Working with startups can be exciting, rewarding, and stressful in equal measures. There are so many things to consider when you’re joining a startup. More than that, joining a startup(1) is a commitment because, unless you find a boss who’s willing to accommodate you, you may have to compromise on those family commitments and personal moments.
In a startup, you have to push yourself even harder because the product isn’t commercially ready, or the strategies aren’t in place
In a startup, whether you’re an early employee or you joined after the company received its first round of funding, it’s a 50-50 chance that you’ll make it to the top. For everyone well-versed with probability, those chances aren’t the real ones. We are speaking metaphorically because a lot of startups fail within the first 5 years. If yours takes off, then that’s amazing because you’re part of a journey rather than sitting at the destination
Whatever the stage of the startup you’re considering joining, there are some things you need to consider before joining one.
There is No Structure
The simplest way to sum this up is to say that startups are chaotic. If you’ve shifted from companies that have organized structures and protocols, it will be hard to get used to a startup environment. For people who have come from such companies, the idea of the freedom and chaos and that a startup offers can sound exciting.
But all of it comes at a cost. Whether you’re coming in as an entry-level employee or in leadership positions, you need to be able to embrace the chaos and create structures that would enable the processes to scale. At a junior level, you need to be able to trust that your leaders have a vision and a direction, and are providing you with goals that work within the established framework.
Either way, many times, you won’t know what you’re supposed to do. Startups require a lot of experimentation and figuring out what works. Structures and processes are established that way only.
There is No Culture
How would you define a ‘culture’ in a company? When you try to define that, what do you even mean by the word ‘culture’? A famous poet once said that a country is not its soil and earth, but the people that live there. By that logic, the culture of a company would be the people in it.
In a startup, there are very few people working. The founders themselves might have handpicked many of them.
However long these employees have been working here, they are the ones you have to work with. Working with these people means constantly revising and evolving your relationships with them. You slowly start to define what is allowed and what isn’t. When you have a group of people that would have formed a part of a department in a large organization as the entire workforce of a startup, defining culture becomes trickier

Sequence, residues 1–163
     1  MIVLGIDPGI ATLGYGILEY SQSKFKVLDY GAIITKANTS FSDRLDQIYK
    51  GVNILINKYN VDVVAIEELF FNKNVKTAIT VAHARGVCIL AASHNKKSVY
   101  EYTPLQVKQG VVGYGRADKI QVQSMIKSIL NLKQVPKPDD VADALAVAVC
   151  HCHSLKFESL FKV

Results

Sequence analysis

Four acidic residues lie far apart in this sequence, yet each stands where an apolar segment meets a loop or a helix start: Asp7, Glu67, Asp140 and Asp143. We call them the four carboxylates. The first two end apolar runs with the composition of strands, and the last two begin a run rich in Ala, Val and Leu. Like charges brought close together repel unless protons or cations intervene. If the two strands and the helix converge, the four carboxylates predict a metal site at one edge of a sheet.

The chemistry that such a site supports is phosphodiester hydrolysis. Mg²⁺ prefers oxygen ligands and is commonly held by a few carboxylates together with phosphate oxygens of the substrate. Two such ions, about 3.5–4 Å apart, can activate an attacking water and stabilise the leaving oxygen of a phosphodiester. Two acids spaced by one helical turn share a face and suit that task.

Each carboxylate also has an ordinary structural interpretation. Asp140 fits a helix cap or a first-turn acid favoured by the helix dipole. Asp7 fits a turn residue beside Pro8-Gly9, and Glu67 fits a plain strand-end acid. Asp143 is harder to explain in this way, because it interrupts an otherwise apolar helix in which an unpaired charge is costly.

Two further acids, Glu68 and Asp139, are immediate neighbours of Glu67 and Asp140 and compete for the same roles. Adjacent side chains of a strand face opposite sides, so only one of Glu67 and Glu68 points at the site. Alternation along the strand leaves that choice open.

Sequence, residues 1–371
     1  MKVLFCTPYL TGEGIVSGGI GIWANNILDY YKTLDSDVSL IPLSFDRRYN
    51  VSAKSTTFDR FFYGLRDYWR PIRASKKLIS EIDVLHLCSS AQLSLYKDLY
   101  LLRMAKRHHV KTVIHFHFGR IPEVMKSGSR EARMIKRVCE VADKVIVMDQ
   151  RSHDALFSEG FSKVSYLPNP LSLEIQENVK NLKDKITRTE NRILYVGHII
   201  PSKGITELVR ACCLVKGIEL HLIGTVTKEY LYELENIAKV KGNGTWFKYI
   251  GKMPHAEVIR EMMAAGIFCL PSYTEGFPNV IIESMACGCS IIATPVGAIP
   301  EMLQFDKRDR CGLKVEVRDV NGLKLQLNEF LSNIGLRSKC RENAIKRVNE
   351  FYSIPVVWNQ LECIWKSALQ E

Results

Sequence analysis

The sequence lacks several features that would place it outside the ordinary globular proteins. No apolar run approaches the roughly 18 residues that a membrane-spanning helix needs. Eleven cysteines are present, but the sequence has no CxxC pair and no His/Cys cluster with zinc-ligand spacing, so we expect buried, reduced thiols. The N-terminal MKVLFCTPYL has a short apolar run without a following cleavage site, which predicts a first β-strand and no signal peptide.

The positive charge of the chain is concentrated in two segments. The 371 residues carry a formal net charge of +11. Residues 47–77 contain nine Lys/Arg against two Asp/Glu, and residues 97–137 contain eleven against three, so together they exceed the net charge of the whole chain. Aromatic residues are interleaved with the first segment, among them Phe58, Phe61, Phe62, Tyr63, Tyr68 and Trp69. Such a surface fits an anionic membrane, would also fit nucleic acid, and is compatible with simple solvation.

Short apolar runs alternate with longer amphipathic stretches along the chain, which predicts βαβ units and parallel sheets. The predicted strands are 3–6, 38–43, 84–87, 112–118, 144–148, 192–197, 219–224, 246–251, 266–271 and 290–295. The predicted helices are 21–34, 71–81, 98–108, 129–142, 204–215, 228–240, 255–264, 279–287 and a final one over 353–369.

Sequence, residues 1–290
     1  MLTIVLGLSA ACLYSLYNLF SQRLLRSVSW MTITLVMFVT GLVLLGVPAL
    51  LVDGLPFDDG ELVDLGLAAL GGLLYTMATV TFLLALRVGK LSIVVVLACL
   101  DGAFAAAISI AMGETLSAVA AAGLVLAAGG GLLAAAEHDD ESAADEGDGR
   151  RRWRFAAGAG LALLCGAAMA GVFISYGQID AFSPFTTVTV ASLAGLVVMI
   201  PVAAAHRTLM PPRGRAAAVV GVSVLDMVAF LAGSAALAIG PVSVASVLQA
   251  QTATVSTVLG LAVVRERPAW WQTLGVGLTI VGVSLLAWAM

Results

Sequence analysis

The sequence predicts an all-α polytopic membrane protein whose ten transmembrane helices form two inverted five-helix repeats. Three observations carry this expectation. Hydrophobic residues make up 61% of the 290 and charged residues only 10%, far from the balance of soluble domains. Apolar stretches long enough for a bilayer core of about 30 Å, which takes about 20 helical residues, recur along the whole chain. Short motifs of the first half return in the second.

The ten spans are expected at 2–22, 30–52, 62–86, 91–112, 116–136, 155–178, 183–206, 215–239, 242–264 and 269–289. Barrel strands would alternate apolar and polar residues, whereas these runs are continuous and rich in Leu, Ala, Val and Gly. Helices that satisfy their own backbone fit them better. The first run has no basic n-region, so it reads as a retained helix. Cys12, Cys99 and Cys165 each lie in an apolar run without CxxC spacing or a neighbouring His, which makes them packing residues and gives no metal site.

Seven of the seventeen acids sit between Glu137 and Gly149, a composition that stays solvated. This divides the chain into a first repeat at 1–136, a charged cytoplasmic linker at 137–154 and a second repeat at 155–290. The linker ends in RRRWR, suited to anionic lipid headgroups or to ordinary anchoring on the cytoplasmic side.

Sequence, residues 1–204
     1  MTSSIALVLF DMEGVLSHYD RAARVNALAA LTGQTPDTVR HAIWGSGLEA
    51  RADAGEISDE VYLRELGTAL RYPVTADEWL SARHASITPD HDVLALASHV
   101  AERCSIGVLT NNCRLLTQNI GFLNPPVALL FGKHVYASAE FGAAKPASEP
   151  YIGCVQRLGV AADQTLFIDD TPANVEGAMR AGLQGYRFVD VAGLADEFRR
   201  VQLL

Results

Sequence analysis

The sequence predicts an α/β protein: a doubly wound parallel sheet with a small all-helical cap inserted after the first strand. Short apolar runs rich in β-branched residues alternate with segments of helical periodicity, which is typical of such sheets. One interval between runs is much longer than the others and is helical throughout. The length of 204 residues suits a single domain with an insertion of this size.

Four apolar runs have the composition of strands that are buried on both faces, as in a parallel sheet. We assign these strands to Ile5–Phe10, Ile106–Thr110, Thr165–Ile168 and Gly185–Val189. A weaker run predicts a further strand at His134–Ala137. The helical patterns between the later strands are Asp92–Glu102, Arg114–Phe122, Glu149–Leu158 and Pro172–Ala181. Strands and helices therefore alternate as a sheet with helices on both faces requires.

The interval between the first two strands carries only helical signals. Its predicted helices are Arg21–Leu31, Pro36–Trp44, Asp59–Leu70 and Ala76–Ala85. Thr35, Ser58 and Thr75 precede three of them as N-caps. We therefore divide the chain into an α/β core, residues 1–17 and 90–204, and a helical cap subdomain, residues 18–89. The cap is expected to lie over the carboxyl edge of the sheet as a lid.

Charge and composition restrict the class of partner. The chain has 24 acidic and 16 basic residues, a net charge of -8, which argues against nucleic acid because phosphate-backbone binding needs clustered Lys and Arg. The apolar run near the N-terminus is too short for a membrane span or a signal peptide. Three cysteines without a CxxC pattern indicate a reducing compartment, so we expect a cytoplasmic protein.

Even beyond those people, how are you willing to handle the interactions with those people? Are you patient enough to deal with various personalities and egos? Are you willing to check your own ego at the door and work for the common goal? The culture of a startup at an early stage is largely defined by the founders. If they are friends and have a ‘bro’ attitude, the entire firm will have a general ‘chilled bro’ vibe to it. Which brings us to the next point
Find Out About Your CEO
Before joining a startup, you have to ask what you really know about the CEO of the company. You have to do your own research. In the early stage, trusting your founders is important because you need to believe in the product and the brand. But that is not what we are looking at here. We want to understand that the CEO of the firm is like
If it is the CEO’s first foray into startups, then more likely than not, he’s on a learning curve. In that case, how willing is he to progress as an agent of change and a forward-thinker.
When that is the case, you need to look at the endorsements that he has received in his previous organizations. These endorsements should not be just from his peers but from his direct reports. Another way to assess this is to see what he does at a meeting. Does he talk about the vision of the firm and boosts his profile instead of actualizing it by a strategy? That would raise some red flags.
More importantly, do you trust the founders’ ability to represent the company? Is he a great leader? If not, is he smart enough to understand that he needs to hire people to fill that gap? Is he trigger-happy and willing to drop employees like birds, or is he the kind to take people up along with him? You should remember that your CEO is the face of the company and the person upon whose pitches the investors will rely on. Some CEOs will always be better than others at this.
Ask the Right Questions
You need to trust that your CEO will be able to manage the investment and spend it in the right way so that the right infrastructure is set up before any indulgences can be done.
If the CEO spends extravagantly even before the company enters the marketing stage, he has to enter the full pitch mode of the company dies. Whatever the spending pattern, the CEO better have a good revenue generating pattern.
When you are discussing with your CEO, it helps to ask a few questions like
- What are the vision and revenue projections for the next 2 years? The reason you should ask this is that the immediate 2 years define how profitable a company would become
- How would you define your culture? How do you expect it’ll evolve over the next 2-3 years?
- What are your expectations from your hires?
- What are your expectations from my role, and how do you think it’ll evolve over the next 2-3 years?
- Who are the investors?
- Who are the founders/Who is on the board?
Asking about their investors might not elicit an answer, especially if you’re joining at an entry-level. But if the company is acting shady or being overly secretive, then it might be cause for worry.